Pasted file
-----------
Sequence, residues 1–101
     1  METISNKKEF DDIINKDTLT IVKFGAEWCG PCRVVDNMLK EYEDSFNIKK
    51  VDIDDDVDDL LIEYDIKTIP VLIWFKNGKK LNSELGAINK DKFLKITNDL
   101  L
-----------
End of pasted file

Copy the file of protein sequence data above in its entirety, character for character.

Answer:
Sequence, residues 1–101
     1  METISNKKEF DDIINKDTLT IVKFGAEWCG PCRVVDNMLK EYEDSFNIKK
    51  VDIDDDVDDL LIEYDIKTIP VLIWFKNGKK LNSELGAINK DKFLKITNDL
   101  L